Dinosaur Burial Ground
Ankle-deep in ochre dirt, I stand alone under the impossibly blue
Utah sky. No trees are in sight, no waterfall sings its silver song
in the distance, no graceful deer bound away from the sound of my
footsteps. It's hot as hell and far removed from the cool, green,
mountainous retreats that stir my heart. A million tiny black flies
feast on my arms in frenzied gluttony, rivulets of salty sweat run
down my sides and gritty red dust covers my skin. There's a pebble
in my shoe. And, in spite of it all, I am elated.
Why am I so ecstatic in this scorched and rocky spot? Dinosaurs
were here! And in my pocket is proof: three rounded, polished, egg-size
bits of quartz which aided the digestive processes of Tyrannosaurus,
Brontosaurus, and their ilk. Gastroliths.
Akin to the gizzard stones of chickens, gastroliths can be found
by observant, persistent, fossil-hunters here in the Morrison Formation
near the Utah-Colorado border. The Morrison Formation is the evidence
of an ancient drainage system, which rafted the bones of dead dinosaurs
southward from Montana during times of flood.
In dinosaur time, 150 million years ago, this area was a swampy,
low-lying area of dense vegetation located along the banks of a
stream. Through geologic ages, the flat land was crinkled and folded.
It was corrugated, like the washboard Grandmother used to launder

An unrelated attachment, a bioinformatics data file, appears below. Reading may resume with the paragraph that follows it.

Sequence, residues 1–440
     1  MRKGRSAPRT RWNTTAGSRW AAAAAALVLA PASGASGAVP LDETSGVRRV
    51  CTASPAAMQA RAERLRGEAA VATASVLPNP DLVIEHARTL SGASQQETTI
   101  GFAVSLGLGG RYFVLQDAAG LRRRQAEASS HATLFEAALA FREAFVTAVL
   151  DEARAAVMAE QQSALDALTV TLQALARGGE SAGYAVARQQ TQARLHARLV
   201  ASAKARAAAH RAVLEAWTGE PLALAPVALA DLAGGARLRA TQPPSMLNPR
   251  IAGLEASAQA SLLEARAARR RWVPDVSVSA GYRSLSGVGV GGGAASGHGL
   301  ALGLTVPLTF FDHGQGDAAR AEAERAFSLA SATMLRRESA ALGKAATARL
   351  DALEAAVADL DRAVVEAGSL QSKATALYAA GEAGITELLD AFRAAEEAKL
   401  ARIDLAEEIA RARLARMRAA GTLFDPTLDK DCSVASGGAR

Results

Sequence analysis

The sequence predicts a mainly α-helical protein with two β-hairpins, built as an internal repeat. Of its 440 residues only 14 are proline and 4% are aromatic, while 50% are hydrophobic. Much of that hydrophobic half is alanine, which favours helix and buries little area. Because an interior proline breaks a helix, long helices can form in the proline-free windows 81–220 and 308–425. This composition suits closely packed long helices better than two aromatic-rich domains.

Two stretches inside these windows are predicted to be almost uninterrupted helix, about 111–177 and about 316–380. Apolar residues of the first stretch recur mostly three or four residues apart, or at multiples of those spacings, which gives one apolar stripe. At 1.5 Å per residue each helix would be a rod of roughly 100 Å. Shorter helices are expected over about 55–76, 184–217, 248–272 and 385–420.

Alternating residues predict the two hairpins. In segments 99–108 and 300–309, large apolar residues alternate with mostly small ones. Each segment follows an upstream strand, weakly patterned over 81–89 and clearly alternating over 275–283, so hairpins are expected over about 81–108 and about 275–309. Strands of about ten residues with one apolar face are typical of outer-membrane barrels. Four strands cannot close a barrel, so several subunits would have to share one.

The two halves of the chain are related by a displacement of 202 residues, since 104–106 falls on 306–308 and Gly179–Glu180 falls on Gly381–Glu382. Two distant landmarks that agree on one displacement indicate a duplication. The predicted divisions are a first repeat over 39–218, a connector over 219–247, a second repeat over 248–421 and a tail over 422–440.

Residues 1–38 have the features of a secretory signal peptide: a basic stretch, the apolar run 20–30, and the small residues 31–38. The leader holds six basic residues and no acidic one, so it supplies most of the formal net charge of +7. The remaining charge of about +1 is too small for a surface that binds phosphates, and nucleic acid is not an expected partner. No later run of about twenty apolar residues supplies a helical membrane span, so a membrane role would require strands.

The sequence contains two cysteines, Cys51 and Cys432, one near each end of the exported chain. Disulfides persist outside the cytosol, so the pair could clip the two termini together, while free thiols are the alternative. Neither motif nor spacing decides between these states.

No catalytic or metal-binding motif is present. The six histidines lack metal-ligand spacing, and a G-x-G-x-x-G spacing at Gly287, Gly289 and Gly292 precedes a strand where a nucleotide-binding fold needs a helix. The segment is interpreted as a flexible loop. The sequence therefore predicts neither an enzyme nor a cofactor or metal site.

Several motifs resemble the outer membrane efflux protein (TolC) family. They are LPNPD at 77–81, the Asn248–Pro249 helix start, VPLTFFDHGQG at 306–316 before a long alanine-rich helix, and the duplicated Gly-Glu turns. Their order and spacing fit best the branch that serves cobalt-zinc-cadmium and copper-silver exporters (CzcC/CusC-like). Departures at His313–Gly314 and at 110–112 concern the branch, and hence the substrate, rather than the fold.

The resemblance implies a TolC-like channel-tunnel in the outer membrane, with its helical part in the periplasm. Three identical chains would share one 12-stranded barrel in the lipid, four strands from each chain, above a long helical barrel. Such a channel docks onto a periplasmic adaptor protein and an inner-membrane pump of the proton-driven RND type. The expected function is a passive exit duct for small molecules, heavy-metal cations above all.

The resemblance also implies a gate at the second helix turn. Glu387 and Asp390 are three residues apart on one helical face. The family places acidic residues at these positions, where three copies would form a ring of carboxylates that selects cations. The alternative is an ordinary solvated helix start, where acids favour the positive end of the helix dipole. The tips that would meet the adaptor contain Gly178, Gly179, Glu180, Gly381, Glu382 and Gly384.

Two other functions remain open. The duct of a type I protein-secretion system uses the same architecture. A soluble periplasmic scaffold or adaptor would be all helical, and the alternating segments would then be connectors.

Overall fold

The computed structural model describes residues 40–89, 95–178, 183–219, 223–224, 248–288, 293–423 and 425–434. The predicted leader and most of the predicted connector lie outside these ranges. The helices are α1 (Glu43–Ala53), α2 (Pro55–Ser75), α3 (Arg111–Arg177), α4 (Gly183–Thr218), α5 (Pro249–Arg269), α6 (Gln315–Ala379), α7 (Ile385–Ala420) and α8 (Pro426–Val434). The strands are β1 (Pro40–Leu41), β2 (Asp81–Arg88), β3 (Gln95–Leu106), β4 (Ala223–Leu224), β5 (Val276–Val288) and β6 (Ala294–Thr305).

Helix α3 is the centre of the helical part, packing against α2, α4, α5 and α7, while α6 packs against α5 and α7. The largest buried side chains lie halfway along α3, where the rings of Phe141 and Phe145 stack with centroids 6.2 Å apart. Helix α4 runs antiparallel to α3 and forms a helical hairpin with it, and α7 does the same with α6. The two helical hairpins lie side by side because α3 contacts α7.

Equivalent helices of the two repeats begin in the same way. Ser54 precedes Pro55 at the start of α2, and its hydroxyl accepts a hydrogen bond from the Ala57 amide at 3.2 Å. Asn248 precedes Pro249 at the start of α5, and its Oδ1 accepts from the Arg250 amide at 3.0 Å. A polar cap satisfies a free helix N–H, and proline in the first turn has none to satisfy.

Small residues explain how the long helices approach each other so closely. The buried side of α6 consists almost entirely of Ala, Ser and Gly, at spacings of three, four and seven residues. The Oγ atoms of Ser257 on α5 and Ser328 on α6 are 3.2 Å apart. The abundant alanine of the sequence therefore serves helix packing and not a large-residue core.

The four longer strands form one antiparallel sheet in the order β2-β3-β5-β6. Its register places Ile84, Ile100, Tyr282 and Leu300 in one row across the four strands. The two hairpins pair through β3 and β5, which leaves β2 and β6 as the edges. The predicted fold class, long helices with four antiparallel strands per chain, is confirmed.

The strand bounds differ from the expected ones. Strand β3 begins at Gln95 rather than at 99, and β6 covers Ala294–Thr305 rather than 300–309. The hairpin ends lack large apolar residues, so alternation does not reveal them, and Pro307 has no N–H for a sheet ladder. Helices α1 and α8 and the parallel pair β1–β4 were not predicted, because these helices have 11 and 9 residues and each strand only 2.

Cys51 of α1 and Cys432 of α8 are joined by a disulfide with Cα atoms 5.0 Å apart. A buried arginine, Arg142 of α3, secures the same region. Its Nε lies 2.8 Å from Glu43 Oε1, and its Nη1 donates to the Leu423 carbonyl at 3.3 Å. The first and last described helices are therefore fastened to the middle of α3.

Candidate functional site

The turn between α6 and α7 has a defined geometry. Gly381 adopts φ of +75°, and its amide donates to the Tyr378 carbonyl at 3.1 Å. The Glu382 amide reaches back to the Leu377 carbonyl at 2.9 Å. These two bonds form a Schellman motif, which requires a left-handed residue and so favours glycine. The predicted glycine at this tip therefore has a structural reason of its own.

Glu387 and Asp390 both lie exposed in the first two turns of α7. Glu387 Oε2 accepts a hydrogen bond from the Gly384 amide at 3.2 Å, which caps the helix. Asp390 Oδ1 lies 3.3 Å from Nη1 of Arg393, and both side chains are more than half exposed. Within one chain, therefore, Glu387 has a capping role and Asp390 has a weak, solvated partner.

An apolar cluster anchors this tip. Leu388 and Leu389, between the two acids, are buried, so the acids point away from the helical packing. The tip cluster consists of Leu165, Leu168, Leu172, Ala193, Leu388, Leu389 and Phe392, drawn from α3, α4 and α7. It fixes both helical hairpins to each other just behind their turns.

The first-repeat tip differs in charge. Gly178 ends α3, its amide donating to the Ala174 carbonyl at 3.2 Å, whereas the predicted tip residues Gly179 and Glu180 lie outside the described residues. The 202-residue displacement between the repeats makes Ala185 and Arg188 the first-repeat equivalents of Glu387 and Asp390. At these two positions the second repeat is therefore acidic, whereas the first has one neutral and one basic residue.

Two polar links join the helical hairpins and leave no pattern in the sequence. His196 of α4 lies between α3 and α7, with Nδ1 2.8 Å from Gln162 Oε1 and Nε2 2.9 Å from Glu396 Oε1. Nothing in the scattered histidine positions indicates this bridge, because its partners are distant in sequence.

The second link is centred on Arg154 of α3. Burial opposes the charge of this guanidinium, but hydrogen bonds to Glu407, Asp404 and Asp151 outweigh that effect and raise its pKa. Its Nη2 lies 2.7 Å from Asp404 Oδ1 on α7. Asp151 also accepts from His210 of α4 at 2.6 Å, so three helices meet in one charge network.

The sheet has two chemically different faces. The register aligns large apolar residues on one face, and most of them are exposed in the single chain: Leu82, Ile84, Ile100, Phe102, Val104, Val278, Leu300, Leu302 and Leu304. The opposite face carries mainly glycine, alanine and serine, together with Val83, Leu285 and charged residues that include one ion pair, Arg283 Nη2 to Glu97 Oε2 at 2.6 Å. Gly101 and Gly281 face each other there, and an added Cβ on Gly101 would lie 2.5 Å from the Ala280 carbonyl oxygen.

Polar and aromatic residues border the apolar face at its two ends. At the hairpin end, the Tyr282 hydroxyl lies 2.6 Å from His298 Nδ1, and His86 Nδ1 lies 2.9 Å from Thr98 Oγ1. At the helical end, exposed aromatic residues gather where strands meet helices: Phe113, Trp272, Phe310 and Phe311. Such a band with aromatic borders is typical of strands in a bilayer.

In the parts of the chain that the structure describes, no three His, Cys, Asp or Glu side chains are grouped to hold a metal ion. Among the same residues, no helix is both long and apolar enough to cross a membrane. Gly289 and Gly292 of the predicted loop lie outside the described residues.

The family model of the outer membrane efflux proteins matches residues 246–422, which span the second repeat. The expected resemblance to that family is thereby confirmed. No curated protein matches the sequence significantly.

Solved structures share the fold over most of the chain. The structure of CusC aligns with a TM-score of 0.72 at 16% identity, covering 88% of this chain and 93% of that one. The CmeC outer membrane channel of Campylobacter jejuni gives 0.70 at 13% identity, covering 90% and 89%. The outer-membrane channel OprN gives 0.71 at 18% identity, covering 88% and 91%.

sheets. It was tilted crazily on its side, like the rooms in the
fun house at the county fair. Now, one walks up a long slope and
arrives at the brink of a steep precipice, from where the same pattern
of slope-and-drop can be seen repeating itself clear to the horizon,
like sedate rows of dinosaur dowagers taking the sun.
After a morning of sifting the baked earth for bones and stones
and history, I rest in a Volkswagen-sized hollow at the bottom of
one of the gullies, in what petty shade there is under an overhanging
ledge of gunmetal shale. Shielding my eyes from the burning July
sun, I search the underside of the ledge for treasure, convinced
that every shadow is the trace of an ancient leaf, every stain is
the hitherto undiscovered skull of a Stegosaurus.
Chuckling at my fertile imagination, I sink onto a hoary throne
of mudstone, lift my booted feet from the earth, and free my toes
from leather bondage. The heat is heavy and tiring. I lean back
to rest against the smooth stone outcropping and am surprised to
feel coolness. I drink the last of my water while surveying my private
The dramatic line of the folded earth stands out in surreal clarity
against the incandescent sky, unsoftened by vegetation. Heaven meets
Earth in precise delineation; yellow light defines subdued purple
shadows; extremes of space and constriction confront each other.
The vast sky encounters earth suddenly, razor-sharply. This is more
a Salvadore Dali landscape than a Georgia O'Keeffe; it is stark
rather than sensual.
The line of the earth becomes an expanse and rolls relentlessly
closer, condensing and transforming until it becomes the cove sheltering
me. The cove is bare. Not barren and lifeless, like the Bonneville
Salt Flats, but spare and clean, like the designs of Meis van der
Rohe. Less is more. There is just the rock wall behind me, the friendly
mudstone chaise beneath me, the horizon before me, and the gravelly-powdery
Morrison dirt curving around me like loving arms. I close my eyes
and melt into a fantasy of the prehistoric past. As phantom Pterodactyls
wheel above, only the shoosh of the desert wind and the peaceable
drone of a bee breaks the silence.
© 1986 by Connie Powers
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